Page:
But, the Tribunal continued, "[t]here comes a point when it is too much to ask" and indeed it was too much to ask in this case because the landowner succeeded on both conditions. The facts of the case are perhaps slightly unusual, involving the redevelopment of the Elephant & Castle area of London and complex arrangements that had been entered into between the landowner and a developer. But the following general propositions can be extracted from the case:
- The "public benefit" involved in the test is the benefit to the public of the operator operating from a particular site, whether or not that benefit could be achieved from another site or by sharing with other operators.
- The public benefit is not reduced by the public disadvantage in building the mast, e.g. because it would prohibit a development that would be of benefit to the public. It is not the court's role to make a net assessment of public benefit in this way.
- A landowner who does not intend to redevelop itself but who has entered into a development contract may still succeed on the basis of the prejudice it would suffer as a result of its contractual obligations. Although the landowner university did not itself intend to redevelop the property (and so could not rely on redevelopment as a ground for resisting the order) it had entered into a contract with a developer for the sale and leaseback of the building. Unless the landowner gave vacant possession of the site to the developer within a certain period, it would have to pay a punitive rent of £3m. Accordingly the landowner would suffer prejudice in the following non-financial ways:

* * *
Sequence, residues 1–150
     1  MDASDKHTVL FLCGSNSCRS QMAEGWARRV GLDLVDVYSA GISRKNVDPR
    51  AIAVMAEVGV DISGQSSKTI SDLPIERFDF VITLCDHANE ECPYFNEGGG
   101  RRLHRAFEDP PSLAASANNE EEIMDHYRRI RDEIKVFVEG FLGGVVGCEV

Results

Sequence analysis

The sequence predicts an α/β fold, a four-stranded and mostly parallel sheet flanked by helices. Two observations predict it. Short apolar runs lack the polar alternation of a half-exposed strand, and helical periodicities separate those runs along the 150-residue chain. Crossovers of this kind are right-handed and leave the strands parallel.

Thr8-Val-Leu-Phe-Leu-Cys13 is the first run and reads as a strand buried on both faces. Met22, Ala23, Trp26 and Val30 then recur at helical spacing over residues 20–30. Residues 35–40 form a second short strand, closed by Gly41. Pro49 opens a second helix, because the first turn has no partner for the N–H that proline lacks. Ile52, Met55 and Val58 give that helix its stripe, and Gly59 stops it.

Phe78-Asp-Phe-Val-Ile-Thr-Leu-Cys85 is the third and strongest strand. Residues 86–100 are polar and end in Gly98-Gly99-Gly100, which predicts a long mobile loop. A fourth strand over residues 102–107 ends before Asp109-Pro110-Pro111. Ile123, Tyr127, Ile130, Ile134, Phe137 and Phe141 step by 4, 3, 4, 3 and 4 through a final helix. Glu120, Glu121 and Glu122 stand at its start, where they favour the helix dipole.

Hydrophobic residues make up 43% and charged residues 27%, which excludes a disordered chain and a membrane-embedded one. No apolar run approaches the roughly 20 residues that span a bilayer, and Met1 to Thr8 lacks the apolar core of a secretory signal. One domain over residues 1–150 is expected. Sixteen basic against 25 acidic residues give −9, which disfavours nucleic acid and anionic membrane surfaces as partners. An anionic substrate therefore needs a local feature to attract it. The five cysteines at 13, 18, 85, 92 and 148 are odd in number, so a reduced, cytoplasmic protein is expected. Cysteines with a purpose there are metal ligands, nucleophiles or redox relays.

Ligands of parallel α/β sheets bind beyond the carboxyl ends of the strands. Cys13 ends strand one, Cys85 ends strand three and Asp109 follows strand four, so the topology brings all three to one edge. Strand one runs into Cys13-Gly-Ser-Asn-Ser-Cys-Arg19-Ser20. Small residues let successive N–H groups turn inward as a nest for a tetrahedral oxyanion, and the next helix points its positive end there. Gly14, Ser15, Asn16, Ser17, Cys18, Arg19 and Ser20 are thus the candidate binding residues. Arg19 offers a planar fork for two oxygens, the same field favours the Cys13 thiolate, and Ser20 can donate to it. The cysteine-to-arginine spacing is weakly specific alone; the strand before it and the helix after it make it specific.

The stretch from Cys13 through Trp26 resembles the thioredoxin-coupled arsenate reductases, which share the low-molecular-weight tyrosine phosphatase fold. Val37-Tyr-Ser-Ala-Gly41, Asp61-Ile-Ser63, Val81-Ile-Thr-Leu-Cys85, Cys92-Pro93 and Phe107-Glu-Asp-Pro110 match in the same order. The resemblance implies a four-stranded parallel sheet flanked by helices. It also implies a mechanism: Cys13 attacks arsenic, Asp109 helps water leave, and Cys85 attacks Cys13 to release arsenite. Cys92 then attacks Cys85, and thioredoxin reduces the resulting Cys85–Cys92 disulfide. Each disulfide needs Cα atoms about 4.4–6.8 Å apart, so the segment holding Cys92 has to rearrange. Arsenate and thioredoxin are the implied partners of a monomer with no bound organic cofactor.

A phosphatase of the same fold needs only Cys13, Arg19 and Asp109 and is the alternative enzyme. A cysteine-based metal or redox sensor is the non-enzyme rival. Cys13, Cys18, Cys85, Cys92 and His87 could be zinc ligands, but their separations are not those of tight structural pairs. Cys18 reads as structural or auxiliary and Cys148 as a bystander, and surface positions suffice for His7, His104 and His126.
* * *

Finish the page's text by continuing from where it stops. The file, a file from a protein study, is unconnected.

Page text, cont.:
- Litigation to remove the telecoms operator would be stressful for the landowner's employees.
- The landowner would suffer reputational damage as a result of the litigation and difficulties in its relationship with the developer and with its students and prospective students.
- If the litigation is unsuccessful, it will be in breach of its obligations to the developer and could face an application for an injunction. This further litigation would involve further stress, uncertainty and reputational and relationship damage.
This is an unusual case and, whilst the landowner won on these particular facts, the case actually serves to reinforce how difficult it is in ordinary circumstances to prevent telecoms operators from acquiring rights over private land.
The case was also notable for giving particular weight to stress, uncertainty and relationship damage: concepts that in other circumstances might not be expected to hold much sway with the court. The decision will be of benefit to landowners who intend to develop a site but where the development will be carried out by a third party.